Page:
Defining music based on linguistic precedent is outside the scope of this paper and the abilities of the author.

As for defining music by its nature, it is obvious that it is an art of sound. One can appreciate natural unmodified (wild) sounds in much the same way that they appreciate music, but this does not make the sound art or music. In a similar way, one can appreciate unmodified (wild) plants, but this does not make the plants part of the arts of gardening or floral design. The same sounds, once modified and selected by humans, however, become art through this modification. Whether or not this is a final definition is open to debate, but the definition of music by nature includes the dual quality of art of sound. From here, an evaluation of Cage and Babbitt can be made.

Milton Babbitt’s works are known for being highly organized and inaccessible to the common listener. He defended the idea that some composers should compose music so advanced that only subsidies could continue its composition.

Whether or not Babbitt was right or wrong about music is debatable. The fact is, however, that his works are not actually music, for it can be rendered unmusical by even the elementary definition above, without considering its level of advancement or its connection with the listening public. Babbitt composed by inventing an organizational system and then applying it to the staff-notated musical tradition. Unfortunately for music, although such a work may be art, it is not sound. There is an art to inventing such fascinating number-games as Babbitt invented, but such systems are media-independent, able to be applied to music, painting, sculpture, chemistry, poetry, et cetera. There is no regard for the sound to which the system is applied, hence the sound is non-essential to the art. If the sound were better off for the organization, or the organization better off for the sound, then there would be an art of sound, and music would result, but this is not the case. Babbitt has art+sound, not art of sound.

By the above definition, some of John Cage’s ideas would be music, and some would not. The idea of letting “it [presumably the sound] act of its own accord” (p. 12) is quite unmusical, taking the sound, and leaving out the human element of art. Cage’s advocacy of non-traditional techniques and instruments, such as tapes (p. 11), however, can include both sound and art, and thus is possibly music.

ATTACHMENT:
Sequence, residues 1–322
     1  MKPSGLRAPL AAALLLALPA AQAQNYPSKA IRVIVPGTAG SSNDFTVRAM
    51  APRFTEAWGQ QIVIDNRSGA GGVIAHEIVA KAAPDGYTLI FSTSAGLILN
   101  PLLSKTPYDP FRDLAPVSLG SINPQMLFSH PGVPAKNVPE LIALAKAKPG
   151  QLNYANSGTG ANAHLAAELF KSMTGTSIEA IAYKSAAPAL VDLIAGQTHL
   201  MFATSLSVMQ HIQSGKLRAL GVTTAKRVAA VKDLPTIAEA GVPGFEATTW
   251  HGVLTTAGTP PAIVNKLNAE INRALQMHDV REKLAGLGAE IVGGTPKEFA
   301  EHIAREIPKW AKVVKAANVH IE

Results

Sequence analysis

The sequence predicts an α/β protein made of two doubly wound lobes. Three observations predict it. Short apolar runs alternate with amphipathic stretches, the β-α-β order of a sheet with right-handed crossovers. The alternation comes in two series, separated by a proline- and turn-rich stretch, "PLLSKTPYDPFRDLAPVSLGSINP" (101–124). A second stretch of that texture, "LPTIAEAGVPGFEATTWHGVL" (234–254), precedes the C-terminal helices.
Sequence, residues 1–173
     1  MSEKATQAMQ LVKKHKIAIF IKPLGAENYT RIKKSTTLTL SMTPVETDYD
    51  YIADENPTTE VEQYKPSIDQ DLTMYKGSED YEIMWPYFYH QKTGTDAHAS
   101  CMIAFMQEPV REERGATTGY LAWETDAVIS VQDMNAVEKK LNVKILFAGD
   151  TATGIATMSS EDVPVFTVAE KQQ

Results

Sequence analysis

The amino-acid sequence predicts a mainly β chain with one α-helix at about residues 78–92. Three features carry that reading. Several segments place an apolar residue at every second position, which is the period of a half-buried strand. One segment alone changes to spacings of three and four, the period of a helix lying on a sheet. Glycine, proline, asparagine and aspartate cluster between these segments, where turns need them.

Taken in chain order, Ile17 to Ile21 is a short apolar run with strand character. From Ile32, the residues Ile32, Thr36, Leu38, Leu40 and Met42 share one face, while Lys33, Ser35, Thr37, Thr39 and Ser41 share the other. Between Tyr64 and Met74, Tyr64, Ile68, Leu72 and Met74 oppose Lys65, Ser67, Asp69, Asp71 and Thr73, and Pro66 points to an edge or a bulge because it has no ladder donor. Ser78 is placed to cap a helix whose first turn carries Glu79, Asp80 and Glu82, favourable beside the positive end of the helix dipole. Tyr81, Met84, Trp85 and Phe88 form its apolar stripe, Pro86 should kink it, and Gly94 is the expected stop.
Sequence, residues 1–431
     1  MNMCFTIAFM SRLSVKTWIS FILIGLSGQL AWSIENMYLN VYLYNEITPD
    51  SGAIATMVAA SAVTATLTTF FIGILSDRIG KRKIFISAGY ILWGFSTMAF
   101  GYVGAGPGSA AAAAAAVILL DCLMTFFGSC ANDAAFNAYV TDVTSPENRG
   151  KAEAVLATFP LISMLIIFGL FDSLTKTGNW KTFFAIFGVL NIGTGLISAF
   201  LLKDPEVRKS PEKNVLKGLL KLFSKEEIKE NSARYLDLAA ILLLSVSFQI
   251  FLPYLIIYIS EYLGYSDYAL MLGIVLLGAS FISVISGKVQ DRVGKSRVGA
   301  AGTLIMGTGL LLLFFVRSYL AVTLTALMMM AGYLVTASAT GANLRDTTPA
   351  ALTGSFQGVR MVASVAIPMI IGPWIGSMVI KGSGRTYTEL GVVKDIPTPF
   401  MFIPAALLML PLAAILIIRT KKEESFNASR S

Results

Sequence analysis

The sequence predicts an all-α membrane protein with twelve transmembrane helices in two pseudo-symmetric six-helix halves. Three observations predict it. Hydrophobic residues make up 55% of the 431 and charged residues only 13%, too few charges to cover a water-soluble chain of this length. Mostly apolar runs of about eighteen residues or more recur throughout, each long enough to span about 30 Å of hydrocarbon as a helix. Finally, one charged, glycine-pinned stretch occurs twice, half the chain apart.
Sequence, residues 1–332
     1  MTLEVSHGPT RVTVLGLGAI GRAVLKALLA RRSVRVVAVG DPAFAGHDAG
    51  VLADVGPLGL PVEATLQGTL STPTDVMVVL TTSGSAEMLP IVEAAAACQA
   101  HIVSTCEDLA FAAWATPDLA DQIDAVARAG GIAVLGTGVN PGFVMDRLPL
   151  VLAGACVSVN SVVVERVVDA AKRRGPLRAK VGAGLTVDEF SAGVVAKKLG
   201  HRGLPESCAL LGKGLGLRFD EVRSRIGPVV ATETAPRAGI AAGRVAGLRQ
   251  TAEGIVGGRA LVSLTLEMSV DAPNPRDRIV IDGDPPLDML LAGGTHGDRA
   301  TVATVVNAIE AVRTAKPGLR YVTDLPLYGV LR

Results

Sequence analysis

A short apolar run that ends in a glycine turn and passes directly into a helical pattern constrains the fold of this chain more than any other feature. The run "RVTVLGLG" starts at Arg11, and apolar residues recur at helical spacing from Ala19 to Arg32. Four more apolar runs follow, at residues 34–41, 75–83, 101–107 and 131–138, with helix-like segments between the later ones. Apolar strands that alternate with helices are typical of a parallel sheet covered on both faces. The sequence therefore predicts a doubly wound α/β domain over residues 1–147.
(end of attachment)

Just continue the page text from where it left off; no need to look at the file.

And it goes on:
Defining music as the art of sound is a concise, useful, and true nature-based definition.

Sunday, April 26, 2009

Ideas, Anyone?

I am seriously considering writing a Shakespearean drama based on the plot of "The Three Little Pigs."

Any suggestions?

Saturday, April 25, 2009


The priestiess, Diotima,
Would have disliked Grima
Beauty draws us to God
Grima to Grave-sod.

Skinny Grima Wormtongue
Never hurted no one.
He just sat and said things
His words did the hurting!

John Cage
Puts us in rage
For composing sonatas
That are so-not-a's.

Thursday, April 23, 2009

Hamlet...The man, not the tale.

Revenge. It's a common thread in lots of stories, from the Greek Tragedies, to The Count of Monte Cristo, to Wuthering Heights, to True Grit. And, for some reason or other, the revenge-seeker seems to be the one who attracts some of our sympathy, whether (s)he be Electra, Heathcliff, Maddie Ross, or Anakin.

And this does not exactly seem to be a good thing. We all know that revenge is an evil, a pleasure in which it is forbidden to indulge, but we just can't help ourselves. The authors aren't much of a help either, often portraying the avengers as victims of previous wrongs, to be pitied, not condemned. And if this is so, Hamlet, a classic revenge story, would seem to be missing some merit.

Both Because "Hamlet" is such a classic and Hamlet is such a lovable character (despite, indeed, because of, his ambivalent revenge-desires), we ought not just reject the story out of hand as a tale not conducive to morality. If Shakespeare was a moral man, he would have been intelligent enough to be aware both that art has consequences and how to get the good moral consequences across most effectively. If Shakespeare was not a good man, we will never know, will we?

Whatever Mr. S might have been, Hamlet gives many signs of being a good man. At least twice in the play, he affirms his belief in Divine Providence. He is intensely interested in the slavation of his mother. He resists temptations to suicide. He is humble enough to make himself a fool in front of the entire court. He is a pleasant friend, someone we would feel attracted to regardless of his moral state. Most importantly, he is devoted to the commands of his father's ghost.

In fact, the actions of the ghost make one wonder whether or not Hamlet's desire to kill his uncle is actually an act of revenge. The ghost makes it clear that he is not a dammed spirit; the sufferings he describes are the pains of purgatory, land of saints, not hell, a claim that Hamlet later tests to the limits of both his ability and the aesthetic limits of the play (An awkward turtle would fit very well. Tuea Huea!). A purgatorial spirit would be unable to command or even request anyone to commit a sin. God, being the arbiter of life and death, may have (I think this is possible) ordained that Hamlet's uncle would die by assassination, and, through His ordinance give His keys of death and hades to Hamlet temporarily. Regardless of what God did, Hamlet seems convinced of the rightness of his cause, thus removing all moral responsibility of the death from him.